days ideal for chores
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[September 01, 2009]
With the wonderful fall weather we've been
having, even in August, the urge to get out and do something is
overwhelming. There are plenty of things to be done, if the body and
soul are willing.
Let's start with the lawn. As mentioned before, the ideal
seeding time is until Sept. 10. Bare soil rates are about 4
pounds of seed per 1,000 square feet and overseeding existing
grass is about half that. This is also an excellent time for
fall lawn fertilizer. Apply enough to get about a pound of
nitrogen per 1,000 square feet (about 8 pounds of 12-12-12).
This fertilizer application will also help trees and shrubs.
Fertilizing and seeding can be done close together, as long as
the fertilizer rates don't get out of hand. Too much salt in
fertilizer can cause seed germination problems. A couple of
weeks from now is also a great time to treat perennial broadleaf
weeds in lawns, but you can't mix this operation with seeding.
You'll have to wait until spring for the weed control operation.
This is also a great time to aerate or dethatch. Grub treatment
time is also upon us, since we wait about a month later to help
with Japanese beetles.
Watering perennials when the
weather is dry should also be on the to-do list. Perennials that
lose leaves each fall are putting their last bit of energy into
the roots this time of year. After returning to dry conditions,
watering is the best way to provide optimum conditions for the
critical fall period. Evergreens are even more critical. It is a
great idea to provide an inch of water each week for all
evergreens until the ground freezes up for the winter.
Evergreens continue to lose water through needles or leaves
throughout the winter. A layer of mulch will help stabilize the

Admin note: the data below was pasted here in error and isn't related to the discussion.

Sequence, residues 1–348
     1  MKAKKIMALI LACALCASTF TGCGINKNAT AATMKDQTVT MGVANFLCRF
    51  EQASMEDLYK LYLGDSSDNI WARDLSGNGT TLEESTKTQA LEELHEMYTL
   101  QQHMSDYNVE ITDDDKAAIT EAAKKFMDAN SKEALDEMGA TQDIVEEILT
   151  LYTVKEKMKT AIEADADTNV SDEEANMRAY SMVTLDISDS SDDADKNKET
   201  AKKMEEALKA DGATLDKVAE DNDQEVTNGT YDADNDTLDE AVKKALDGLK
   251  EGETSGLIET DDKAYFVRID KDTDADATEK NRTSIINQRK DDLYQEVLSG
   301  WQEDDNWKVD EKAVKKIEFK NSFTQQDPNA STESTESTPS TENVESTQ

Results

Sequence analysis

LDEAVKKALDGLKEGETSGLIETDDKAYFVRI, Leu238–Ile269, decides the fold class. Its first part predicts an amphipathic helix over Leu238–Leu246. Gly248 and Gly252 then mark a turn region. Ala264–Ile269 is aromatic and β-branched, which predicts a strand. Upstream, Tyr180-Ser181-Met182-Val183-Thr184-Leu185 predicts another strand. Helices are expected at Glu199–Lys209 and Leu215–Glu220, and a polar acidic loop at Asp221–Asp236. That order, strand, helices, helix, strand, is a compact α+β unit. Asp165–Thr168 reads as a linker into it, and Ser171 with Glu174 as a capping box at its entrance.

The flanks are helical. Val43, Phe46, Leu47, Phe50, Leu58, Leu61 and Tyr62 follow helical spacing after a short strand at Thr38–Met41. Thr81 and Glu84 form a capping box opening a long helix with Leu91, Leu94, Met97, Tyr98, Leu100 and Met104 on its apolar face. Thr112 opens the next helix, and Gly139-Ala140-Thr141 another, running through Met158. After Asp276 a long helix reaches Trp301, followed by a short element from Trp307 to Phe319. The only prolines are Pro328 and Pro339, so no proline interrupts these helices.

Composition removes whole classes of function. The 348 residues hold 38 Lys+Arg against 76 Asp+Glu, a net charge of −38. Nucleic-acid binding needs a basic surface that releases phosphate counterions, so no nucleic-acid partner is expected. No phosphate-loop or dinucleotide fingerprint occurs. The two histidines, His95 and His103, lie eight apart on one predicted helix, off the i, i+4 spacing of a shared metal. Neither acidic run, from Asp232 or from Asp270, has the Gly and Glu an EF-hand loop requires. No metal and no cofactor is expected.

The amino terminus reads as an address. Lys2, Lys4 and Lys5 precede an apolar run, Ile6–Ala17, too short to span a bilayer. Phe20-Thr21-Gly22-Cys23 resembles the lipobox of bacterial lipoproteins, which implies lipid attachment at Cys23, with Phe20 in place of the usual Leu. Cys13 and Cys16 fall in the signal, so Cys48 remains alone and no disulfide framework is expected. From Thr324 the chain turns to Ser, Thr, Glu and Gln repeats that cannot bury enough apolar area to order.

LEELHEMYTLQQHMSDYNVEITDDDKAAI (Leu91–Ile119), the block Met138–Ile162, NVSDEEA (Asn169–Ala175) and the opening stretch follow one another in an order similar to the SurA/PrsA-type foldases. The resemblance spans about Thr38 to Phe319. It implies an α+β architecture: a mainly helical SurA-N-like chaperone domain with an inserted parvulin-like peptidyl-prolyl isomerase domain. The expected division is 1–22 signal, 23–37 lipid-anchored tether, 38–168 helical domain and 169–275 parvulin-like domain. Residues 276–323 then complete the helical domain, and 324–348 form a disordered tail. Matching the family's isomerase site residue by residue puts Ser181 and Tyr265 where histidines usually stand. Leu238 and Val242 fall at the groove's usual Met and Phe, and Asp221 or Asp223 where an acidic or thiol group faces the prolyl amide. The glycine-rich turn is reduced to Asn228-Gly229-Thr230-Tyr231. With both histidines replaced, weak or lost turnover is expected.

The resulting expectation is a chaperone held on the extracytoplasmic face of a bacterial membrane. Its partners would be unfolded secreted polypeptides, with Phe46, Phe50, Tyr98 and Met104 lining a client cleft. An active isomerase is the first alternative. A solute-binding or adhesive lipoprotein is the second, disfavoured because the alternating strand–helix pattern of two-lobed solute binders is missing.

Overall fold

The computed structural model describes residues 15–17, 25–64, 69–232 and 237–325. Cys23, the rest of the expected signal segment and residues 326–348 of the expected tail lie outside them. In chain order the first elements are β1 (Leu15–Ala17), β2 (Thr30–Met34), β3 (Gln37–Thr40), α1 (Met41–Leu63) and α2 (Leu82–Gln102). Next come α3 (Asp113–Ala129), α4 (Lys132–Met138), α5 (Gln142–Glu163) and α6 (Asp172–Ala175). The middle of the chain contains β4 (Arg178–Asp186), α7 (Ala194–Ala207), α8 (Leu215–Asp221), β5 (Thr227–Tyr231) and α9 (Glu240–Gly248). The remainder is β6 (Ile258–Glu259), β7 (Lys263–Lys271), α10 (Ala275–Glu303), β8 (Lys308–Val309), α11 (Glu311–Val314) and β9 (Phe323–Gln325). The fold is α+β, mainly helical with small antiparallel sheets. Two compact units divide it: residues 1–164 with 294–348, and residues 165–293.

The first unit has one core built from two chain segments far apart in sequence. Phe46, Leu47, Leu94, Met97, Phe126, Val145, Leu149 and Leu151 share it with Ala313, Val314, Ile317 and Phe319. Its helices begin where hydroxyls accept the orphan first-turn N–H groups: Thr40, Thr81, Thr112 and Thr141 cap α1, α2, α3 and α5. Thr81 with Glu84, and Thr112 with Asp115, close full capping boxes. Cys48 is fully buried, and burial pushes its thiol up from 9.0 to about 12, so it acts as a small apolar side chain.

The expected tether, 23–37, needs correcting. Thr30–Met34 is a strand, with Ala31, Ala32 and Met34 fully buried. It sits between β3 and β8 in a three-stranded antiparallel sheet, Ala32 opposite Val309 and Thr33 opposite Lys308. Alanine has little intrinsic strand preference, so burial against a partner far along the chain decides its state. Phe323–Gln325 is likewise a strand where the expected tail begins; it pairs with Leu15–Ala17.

ground temperatures, but wait until soils get cold to apply
mulch. Mulch is intended to prevent wide swings in temperature.
We can also plant spring flowering bulbs. We may be a
little on the early side, but it takes time to plan, obtain and
plant bulbs. It's always better to have a bulb in the ground
than to try to hold them for another growing season if the
weather turns sour on us. Pay particular attention to some of
the less common bulbs or colors. Summer flowering bulbs should
generally be dug after the first killing frost, since they
aren't hardy enough to survive the winter in the ground.
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Keep that garden going. It seems like we have entered the prime
time of the year for many of our garden staples. Tomatoes, squash
and peppers have just hit their main stride in the last couple of
weeks. Pay attention to insects and diseases to keep the plants
productive until frost takes them out. You might even have some
success with planting some leaf lettuce, mustard greens or spinach.
Spinach sometimes doesn't get big enough for harvest in the fall,
but in a mild winter it is ready to roll in the extreme early spring
from your fall planting. Pay particular attention to vining crops
for beetle control. Beetles are rapidly leaving cornfields and
settling on pumpkins and squash. Controlling the beetles will help
prevent the wilt virus that can be spread by them. The vining crops
have also been attacked by powdery mildew it seems. Fungicides such
as Daconil, mancozeb or the organic neem should help. They should
also help the fungal diseases on tomatoes.
A couple of "don'ts" should also be mentioned. It is really a
rotten time of year to prune anything. Pruning spurs new growth and
it will almost assuredly be winterkilled. Also, don't try to control
crabgrass. It is a rapidly dying annual, which means another couple
of weeks will turn it brown anyway. Start your control program
around April 1 next spring with a preventive treatment.
University of Illinois Extension, Logan County]